For my 7-year-old daughter, I have already bought a Comic-Con exclusive Uglydoll (Cookie Dream Babo) – and I buy another identical one for my friend Paul, who evidently has the taste of a 7-year-old girl.

    Arriving at the booth, I have a half hour to pick Lee and DiDio’s brains and, as eloquent and hyped as they are, I’m still not sold on the move at the end of the interview. I subscribe to something Geoff Johns once told me – that what makes DC heroes unique to their Marvel counterparts is that the symbols on their chest mean something. Superman is supposed to be with Lois Lane, damn it, even if I don’t give a rat’s ass about the hero himself. (Barry Allen’s Flash was always my favorite.)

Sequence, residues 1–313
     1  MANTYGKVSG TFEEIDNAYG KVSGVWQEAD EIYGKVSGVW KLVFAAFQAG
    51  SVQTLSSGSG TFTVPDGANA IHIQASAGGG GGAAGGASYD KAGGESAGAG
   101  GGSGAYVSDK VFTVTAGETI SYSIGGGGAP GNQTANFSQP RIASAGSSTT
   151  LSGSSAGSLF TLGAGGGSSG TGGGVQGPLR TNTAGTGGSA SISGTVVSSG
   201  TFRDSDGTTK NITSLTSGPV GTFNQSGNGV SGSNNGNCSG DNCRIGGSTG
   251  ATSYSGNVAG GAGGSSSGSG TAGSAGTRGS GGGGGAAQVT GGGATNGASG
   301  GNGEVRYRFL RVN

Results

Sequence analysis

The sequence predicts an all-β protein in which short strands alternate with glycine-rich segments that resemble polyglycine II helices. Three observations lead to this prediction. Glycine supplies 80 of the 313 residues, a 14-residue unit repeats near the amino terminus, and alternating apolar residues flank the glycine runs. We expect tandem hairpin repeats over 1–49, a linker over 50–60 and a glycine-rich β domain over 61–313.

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    One thing I AM looking forward to is the introduction of the WildStorm heroes into the main DC universe – and before leaving, I secure a promise that they won’t wait too long to bring back The Authority, the super-team that is Lee’s signature creation. Having Midnighter kick the crap out of Batman on a regular basis will make the “New 52” worth it for me.

    3:15 P.M.

    I booked a spot at the roundtables for the upcoming ABC show, Alcatraz, mostly out of curiosity. It’s a “J.J. Abrams” serialized drama, but all that really means is that the brain behind Lost and Fringe has Mcfranchised it out to some of his old Lost colleagues. The show, about the disappearance of inmates from Alcatraz during the prison’s heyday and their sudden reappearance in 2011, has a lot of parallels to Abrams’ most famous show: an island! Jorge Garcia! A mystery that seems to have spiritual and scientific nuances!